Outgoing DA leaves legacy of professionalism

Aug. 18, 2014 @ 04:57 PM

Leon Stanback never forgot one thing his parents taught him: Treat people with respect.

As a Superior Court judge and interim district attorney for Durham, Stanback tried to show everyone courtesy -- even people convicted of horrible crimes.
“I’ve sentenced people to 40 years in prison and had them say: ‘Thank you, judge,’” Stanback said in an interview. “I always let them have their say before imposing a sentence.”
Stanback announced Friday he’ll step down as Durham’s top prosecutor Aug. 31 after more than two years in the office. Gov. Beverly Perdue named Stanback to the job after Tracey Cline was removed from office for misconduct after a public feud with Durham County Superior Court Judge Orlando Hudson.
Roger Echols, chief assistant prosecutor who is running unopposed for Durham district attorney in November, was named by Gov. Pat McCrory to take over the office Sept. 1.
Stanback threw his support to Echols in the spring primary and was his top campaign contributor.
“I think the District Attorney’s Office will be in good hands with Roger Echols,” Stanback said.
Stanback, who turns 72 in November, has no plans to retire to a rocking chair.
As a certified mediator, he said he’ll probably do mediation work and perhaps join a law firm.
Stanback also hopes to return to his favorite sport – golfing -- “if I can get my skills back together. I’ve sort of lost my golfing skills since I’ve been in this office.”
He also enjoys swimming and pier fishing at the Outer Banks.
Before he became a judge, Stanback, a Hillsborough native, served on the North Carolina State Parole Commission for four years. He was named to the bench in 1989 to fill a vacancy created by the death of Durham County Superior Court Judge Thomas Lee. Stanback was elected to the bench for two eight-year terms and retired before becoming interim district attorney.
Stanback comes from a family of educators. His father was principal of Central High School in Hillsborough and his mother taught French and English there, so the young Stanback knew he had to behave like the Boy Scout he was.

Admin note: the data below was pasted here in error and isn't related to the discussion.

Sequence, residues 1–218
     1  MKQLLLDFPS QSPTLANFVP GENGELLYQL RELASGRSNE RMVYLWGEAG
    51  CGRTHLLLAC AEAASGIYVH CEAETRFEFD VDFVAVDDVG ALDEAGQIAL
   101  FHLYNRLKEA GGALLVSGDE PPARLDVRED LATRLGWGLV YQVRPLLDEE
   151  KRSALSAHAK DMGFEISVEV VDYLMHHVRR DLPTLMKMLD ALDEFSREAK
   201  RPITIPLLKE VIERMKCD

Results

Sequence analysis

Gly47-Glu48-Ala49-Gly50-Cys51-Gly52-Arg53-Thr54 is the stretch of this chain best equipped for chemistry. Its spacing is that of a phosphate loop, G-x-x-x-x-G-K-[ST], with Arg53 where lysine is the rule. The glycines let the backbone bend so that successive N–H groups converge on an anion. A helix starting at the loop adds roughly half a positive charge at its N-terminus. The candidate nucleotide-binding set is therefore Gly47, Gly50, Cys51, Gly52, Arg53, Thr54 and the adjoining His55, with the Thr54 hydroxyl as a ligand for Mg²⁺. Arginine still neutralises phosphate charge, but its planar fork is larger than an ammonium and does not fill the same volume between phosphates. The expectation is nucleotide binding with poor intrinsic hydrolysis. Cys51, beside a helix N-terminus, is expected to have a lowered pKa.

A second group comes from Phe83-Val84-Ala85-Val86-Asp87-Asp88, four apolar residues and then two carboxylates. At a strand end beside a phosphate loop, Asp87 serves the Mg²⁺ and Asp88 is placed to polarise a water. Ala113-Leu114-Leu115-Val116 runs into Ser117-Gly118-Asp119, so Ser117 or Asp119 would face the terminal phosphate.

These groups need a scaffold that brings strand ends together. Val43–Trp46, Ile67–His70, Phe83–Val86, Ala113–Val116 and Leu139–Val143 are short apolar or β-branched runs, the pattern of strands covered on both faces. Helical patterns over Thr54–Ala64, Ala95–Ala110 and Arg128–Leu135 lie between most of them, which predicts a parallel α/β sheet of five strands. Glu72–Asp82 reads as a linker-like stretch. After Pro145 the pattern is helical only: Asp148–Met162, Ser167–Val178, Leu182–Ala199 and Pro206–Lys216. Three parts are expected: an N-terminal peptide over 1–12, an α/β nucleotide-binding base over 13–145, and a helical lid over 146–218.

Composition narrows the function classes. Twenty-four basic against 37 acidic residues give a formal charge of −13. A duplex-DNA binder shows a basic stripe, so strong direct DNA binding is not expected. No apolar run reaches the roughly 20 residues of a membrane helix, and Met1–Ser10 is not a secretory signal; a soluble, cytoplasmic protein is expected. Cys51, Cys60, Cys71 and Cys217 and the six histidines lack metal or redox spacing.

“That was a lot of pressure,” he said with a laugh.
Stanback graduated from N.C. Central University, and in 1968, completed law school there. He was an assistant prosecutor in Greensboro in the 1970s.
The best thing about serving as Durham’s district attorney has been helping to mentor young lawyers, he said.
“I’ve really enjoyed that,” he said. “We have a good staff here in this office. I’ve seen them develop into fine attorneys, with high moral character.”
The most challenging part of the job has been “getting grants approved to keep my folks working,” he said. The office has four grant positions, including a recently added jail prosecutor “who we hope will cut down on the length of time people have to stay in jail” before their cases are heard.
As Stanback prepares to leave office, he says he’d like to be remembered as a person who was “competent, efficient and courteous.”
“One thing my parents taught me was to treat everyone with respect,” he said. “I’ve found throughout the years that that will pay off. When you’re a judge, you’re sitting on the bench, and everybody knows where the buck stops. So you don’t have to jump on people and step on them.”
Stanback said he will continue to live in Durham and enjoy good memories of his career.
“I’ve been blessed,” Stanback said. “It’s been an excellent life.”